Carrington Core1 loads template files through a function rather than including them directly within the global scope. This means that global variables need to be explicitly brought into scope rather than just being there and available to you.
I’ve considered this a feature, because it means that you’re much less likely to stomp on an important WordPress global variable from within a template, and having the explicit declaration of which variables you want available makes things a bit easier to follow.
However, it also has drawbacks. For anyone already familiar with WordPress theming, there is a “this is broken” reaction when trying to access
$post doesn’t work until they declare
global $post;. I’m on the fence about which approach is better (enforcing better development best practices or making the platform more accessible to new devs), but I’ve been exploring some options (in case we decide a more accessible platform is better).
You’ll see the three approaches I’m considering in the comments at the start of the function. Each has pros and cons.
Option #1: Selectively bring in globals. This was my initial solution. It makes a reasonable set of global variables available. However, if someone needs to hit a global we didn’t choose to include, I think that becomes more confusing. If the global
$post was already in scope (without having to declare
global $post;), why would they need to declare
global $_wp_using_ext_object_cache; to get that variable?
Option #2: Bring all globals into scope. I think this is an interesting idea, but likely not a good solution. Developers would assume that these variables are global and run into surprises when they find out they aren’t.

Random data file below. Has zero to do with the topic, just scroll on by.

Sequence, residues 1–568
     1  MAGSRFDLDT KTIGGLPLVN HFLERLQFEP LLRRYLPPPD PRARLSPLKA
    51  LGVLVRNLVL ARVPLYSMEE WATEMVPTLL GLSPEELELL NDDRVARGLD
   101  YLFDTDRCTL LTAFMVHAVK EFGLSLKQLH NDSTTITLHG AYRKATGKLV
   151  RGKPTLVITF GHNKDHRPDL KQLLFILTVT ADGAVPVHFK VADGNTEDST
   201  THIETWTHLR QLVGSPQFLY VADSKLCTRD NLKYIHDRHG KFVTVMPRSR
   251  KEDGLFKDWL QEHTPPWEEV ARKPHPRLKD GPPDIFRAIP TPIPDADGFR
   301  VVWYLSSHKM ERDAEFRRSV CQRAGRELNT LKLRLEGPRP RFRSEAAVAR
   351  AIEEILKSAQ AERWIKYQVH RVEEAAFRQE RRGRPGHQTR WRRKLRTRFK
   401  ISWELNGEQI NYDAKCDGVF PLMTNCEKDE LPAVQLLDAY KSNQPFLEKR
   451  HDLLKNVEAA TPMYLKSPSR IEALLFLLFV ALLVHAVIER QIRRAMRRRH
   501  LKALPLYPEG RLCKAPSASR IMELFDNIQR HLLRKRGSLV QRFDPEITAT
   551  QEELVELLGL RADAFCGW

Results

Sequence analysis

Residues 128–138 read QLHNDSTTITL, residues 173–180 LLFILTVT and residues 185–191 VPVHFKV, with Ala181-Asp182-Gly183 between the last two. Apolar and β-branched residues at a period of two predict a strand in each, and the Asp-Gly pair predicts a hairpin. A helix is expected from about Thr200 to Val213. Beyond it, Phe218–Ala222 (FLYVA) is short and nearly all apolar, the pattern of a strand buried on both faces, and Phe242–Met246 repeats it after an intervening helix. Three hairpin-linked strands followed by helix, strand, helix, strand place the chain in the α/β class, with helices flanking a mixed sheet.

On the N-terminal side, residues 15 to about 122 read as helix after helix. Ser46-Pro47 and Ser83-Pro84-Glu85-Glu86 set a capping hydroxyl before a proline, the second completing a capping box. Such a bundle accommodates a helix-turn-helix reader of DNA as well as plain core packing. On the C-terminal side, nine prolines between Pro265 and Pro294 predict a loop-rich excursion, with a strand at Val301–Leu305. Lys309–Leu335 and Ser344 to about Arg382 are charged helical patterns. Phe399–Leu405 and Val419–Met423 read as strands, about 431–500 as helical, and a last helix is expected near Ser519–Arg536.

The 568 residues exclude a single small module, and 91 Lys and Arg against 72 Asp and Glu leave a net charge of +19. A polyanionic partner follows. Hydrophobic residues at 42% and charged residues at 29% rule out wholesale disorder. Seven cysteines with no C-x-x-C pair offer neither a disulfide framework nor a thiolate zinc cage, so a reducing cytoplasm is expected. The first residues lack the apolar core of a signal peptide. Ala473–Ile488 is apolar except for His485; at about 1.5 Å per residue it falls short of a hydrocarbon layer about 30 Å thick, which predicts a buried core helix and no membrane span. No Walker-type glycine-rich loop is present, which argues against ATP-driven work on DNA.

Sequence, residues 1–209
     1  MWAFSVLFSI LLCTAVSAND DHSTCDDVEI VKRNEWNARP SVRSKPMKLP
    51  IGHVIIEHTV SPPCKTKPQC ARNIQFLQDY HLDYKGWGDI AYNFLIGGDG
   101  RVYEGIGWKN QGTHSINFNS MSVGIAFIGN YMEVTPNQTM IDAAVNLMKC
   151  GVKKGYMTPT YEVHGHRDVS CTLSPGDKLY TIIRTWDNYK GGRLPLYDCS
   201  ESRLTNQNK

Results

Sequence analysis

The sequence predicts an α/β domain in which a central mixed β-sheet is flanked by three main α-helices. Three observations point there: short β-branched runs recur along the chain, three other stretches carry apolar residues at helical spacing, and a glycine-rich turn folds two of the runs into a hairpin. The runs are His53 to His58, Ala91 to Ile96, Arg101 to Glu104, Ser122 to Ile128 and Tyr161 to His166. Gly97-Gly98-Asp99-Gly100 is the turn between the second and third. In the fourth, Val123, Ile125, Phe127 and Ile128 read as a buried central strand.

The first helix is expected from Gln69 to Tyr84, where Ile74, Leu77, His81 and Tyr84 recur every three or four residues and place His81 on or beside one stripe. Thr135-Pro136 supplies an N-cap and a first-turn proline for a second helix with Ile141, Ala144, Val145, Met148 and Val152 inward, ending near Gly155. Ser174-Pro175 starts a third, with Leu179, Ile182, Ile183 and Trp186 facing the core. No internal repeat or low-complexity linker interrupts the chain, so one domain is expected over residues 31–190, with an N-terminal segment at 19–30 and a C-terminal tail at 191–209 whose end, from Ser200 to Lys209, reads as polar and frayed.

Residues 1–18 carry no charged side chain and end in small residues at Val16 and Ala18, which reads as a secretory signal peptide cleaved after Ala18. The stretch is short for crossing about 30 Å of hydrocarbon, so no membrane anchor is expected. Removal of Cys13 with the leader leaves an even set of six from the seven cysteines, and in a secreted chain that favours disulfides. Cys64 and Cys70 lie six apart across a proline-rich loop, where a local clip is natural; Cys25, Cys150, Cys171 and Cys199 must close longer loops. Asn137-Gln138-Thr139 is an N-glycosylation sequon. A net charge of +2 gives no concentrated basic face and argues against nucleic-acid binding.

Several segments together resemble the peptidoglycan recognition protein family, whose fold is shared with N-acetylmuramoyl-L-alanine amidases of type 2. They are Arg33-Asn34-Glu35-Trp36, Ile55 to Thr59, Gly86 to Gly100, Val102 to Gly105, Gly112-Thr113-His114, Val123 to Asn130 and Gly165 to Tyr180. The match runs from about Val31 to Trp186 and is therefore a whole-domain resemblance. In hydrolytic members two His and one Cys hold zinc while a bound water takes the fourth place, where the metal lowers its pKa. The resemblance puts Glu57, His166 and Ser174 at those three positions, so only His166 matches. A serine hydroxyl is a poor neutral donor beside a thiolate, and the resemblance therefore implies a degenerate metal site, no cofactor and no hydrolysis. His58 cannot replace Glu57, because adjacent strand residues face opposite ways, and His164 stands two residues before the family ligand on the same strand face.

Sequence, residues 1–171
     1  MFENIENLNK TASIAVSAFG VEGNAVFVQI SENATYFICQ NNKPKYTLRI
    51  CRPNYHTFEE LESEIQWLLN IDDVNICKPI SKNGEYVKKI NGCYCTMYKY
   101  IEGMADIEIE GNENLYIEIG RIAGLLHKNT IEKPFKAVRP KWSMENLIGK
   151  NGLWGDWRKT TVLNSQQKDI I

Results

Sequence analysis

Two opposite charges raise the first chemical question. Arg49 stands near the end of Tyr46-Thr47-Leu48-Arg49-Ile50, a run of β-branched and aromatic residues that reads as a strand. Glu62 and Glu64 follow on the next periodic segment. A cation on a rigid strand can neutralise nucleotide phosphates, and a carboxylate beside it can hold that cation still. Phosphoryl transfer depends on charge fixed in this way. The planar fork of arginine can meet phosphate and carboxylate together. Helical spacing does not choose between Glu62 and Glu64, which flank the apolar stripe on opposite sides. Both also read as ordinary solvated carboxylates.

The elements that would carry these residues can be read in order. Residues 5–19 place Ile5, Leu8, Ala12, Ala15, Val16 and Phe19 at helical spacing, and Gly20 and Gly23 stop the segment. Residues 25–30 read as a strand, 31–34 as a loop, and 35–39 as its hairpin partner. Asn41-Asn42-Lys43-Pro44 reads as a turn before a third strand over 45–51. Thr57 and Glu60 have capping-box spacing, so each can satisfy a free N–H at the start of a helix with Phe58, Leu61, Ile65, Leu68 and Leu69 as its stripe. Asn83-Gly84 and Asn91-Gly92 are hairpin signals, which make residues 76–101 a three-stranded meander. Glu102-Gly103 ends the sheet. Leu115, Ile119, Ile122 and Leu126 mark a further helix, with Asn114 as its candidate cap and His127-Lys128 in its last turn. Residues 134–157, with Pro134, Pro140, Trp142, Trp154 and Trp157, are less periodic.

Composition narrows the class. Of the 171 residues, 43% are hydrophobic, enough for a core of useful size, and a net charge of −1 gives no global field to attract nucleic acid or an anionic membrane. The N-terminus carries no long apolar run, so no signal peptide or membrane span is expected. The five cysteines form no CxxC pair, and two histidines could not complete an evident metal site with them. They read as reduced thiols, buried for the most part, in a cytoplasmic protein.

Option #3: Bring in all globals. I’m leaning towards this, but it just feels wrong to me – likely due to an overall aversion to globals. It basically makes all templates loaded by Carrington Core work like standard WordPress templates. There is potential for confusion here since all of the globals are present and a developer can interact with them just like their template file is being loaded into the global scope; with a pretty big exception that variables created in the templates are not created in the global scope.
There is also a concern about this change causing problems with existing Carrington powered sites. Previously variables set in template files wouldn’t pollute the global scope or stomp on global variables. With options #1 and #3, this would be a possibility.
So I’m soliciting feedback. Fellow WordPress developers, what say you? Anyone have a “silver bullet” solution? Perhaps no action is the best action?
- Carrington Core is a template selection engine for WordPress sites. It helps you easily create custom views that are used for various data conditions (I want this header for this category, add this author bio information for posts written by anyone with an editor role, etc.) without writing conditional PHP code in your templates. There are more details here. ↩